Indeed, it was President Barack Obama, perhaps the most powerful exponent of intersectional politics ever, who, despite widespread and exultant support from the Armenian community in the United States, declined for eight years to properly recognize the Armenian Genocide, who tried to act as a handmaiden of Armenian-Turkish reconciliation without proper acknowledgement of that genocide, who failed to condemn egregious violence against Armenians by Azerbaijan, and who proposed record cuts in aid to Armenia.

In a more recent case, Ilhan Omar, a black Congresswoman from Minnesota and another outspoken champion of intersectionality, had the opportunity to speak up about the Armenian Genocide and not only didn’t, she repeated a line straight out of the Turkish government’s playbook.

The fact is, blacks have been in positions of power and able to help Armenians in their own cause repeatedly – but they haven’t. And this isn’t limited to the black community: the absence of reciprocal solidarity is present in all relationships where Armenians believe that through their investments of time, money, and goodwill, they will build coalitions that will produce meaningful returns. They do not – and will not.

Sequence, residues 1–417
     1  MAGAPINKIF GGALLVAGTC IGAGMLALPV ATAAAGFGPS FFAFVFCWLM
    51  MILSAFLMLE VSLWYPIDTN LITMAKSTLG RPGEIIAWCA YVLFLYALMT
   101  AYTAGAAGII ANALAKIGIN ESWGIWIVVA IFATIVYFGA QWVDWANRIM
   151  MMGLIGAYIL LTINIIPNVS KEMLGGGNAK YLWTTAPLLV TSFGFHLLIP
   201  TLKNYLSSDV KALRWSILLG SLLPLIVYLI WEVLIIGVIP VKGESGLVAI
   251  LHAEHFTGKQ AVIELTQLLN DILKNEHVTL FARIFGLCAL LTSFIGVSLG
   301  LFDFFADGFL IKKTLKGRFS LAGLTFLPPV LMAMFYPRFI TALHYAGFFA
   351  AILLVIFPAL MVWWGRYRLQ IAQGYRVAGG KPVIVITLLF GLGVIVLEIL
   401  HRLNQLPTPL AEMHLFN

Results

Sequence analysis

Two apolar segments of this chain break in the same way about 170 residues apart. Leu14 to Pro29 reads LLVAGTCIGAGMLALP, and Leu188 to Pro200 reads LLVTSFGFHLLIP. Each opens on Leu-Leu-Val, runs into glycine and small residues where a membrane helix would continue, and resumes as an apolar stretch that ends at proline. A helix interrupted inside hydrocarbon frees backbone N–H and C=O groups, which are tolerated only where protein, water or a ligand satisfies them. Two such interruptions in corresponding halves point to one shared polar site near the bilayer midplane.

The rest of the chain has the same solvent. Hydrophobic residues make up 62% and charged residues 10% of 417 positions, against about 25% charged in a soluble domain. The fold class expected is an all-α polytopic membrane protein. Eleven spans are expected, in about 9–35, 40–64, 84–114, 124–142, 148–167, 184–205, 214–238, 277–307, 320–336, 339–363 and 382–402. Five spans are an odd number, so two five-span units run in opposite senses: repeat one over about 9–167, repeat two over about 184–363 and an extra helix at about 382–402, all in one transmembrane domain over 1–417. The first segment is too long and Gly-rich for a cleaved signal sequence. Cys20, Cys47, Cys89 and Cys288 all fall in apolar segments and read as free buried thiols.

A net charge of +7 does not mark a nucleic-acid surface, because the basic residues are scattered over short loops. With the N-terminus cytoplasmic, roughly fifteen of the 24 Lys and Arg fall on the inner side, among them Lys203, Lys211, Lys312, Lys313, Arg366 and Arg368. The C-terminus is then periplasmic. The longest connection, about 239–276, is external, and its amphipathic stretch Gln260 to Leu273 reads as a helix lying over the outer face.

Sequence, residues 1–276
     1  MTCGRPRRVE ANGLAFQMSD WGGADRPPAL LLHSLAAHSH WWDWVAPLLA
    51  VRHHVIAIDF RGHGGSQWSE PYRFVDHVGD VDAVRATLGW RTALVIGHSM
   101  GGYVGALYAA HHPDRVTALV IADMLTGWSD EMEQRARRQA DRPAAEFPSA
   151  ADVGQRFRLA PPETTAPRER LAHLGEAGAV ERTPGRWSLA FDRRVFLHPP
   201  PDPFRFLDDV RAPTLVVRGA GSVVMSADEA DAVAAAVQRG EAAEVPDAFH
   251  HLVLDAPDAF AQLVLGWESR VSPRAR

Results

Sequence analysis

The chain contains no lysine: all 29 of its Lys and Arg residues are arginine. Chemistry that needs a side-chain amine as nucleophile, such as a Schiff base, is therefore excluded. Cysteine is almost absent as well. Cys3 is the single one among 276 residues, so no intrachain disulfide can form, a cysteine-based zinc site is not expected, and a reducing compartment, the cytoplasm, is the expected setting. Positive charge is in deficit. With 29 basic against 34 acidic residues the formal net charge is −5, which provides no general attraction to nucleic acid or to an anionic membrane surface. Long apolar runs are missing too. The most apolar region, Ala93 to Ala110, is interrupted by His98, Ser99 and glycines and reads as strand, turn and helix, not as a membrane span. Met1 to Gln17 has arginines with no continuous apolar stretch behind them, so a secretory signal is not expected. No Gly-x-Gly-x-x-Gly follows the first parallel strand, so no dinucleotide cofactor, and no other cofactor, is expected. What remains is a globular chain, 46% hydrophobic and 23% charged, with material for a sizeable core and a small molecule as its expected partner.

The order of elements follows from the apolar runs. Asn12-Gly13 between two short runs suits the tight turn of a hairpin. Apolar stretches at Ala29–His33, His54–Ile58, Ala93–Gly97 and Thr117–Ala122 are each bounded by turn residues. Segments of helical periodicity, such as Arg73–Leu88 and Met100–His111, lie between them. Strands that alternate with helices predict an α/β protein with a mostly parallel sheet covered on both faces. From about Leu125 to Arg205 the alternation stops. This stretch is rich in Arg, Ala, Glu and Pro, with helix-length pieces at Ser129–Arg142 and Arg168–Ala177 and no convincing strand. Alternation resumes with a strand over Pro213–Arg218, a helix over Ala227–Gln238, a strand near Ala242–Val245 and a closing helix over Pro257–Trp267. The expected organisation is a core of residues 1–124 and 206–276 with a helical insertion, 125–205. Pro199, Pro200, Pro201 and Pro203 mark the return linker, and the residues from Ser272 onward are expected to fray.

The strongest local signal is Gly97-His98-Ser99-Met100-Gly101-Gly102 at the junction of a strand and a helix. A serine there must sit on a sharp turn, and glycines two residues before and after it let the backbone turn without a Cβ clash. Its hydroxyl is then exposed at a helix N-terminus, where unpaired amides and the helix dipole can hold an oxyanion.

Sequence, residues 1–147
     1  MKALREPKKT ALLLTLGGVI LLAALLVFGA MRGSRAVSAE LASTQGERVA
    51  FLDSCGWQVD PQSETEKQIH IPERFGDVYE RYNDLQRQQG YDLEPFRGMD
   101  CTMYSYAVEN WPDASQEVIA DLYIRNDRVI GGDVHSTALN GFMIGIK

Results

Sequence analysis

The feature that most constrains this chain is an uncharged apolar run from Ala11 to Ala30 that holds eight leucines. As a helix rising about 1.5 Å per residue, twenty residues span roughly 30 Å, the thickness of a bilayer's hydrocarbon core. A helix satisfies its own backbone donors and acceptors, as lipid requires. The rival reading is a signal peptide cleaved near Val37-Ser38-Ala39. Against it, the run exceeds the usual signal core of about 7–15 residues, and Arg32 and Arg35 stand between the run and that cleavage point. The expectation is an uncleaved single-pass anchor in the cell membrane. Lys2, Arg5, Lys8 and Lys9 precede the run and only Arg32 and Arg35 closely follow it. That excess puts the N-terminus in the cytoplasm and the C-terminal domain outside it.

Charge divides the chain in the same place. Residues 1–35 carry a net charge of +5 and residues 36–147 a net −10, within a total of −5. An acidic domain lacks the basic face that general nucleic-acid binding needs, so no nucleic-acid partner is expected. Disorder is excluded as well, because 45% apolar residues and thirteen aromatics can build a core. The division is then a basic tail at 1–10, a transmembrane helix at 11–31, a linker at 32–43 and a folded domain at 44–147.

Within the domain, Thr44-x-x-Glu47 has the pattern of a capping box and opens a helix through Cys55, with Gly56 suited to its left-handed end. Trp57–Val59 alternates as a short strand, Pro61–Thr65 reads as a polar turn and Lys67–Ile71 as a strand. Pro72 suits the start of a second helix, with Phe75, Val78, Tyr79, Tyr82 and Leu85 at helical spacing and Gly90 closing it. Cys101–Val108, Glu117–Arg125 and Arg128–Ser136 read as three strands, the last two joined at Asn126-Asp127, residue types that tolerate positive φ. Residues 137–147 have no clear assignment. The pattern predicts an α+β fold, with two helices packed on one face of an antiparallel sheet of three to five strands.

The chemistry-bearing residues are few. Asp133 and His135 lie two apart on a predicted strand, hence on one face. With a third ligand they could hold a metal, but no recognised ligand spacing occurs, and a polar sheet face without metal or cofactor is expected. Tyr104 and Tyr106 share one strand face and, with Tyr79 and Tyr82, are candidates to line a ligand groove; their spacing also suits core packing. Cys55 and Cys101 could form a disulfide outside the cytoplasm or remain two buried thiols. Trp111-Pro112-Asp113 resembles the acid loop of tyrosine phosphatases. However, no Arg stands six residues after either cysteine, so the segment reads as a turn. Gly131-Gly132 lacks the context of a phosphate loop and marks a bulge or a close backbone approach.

That’s not to say that the thousands of Armenian man-hours expended on other causes does not elicit some token reaction from the personal friends of the Armenians involved in such projects and the odd organizational condemnation. But, to use the parlance of the activists, these are wholly “performative” actions that have no inherent value, not unlike the quadrennial exercise by US presidential candidates condemning the Armenian Genocide as a nod to Armenian concerns without an actual investment in substantively addressing the issue.

Quid Pro Quo

The lack of interest among black Americans and others for Armenian issues exposes the idea of solidarity against injustice for what it is: a lie. There is no more fundamental understanding in politics than that it operates on the basis of quid pro quibus. That is why I do not fault the members of other groups for not acting in my interest – I do not expect them to.

Each group is responsible for its own well-being and Armenians must understand that they – and they only – are responsible as a group for Armenian affairs. They should likewise not call upon or expect Armenians, as a group, to participate and expend time, energy, and money in the causes of others when Armenians have no reasonable expectation to gain anything from it.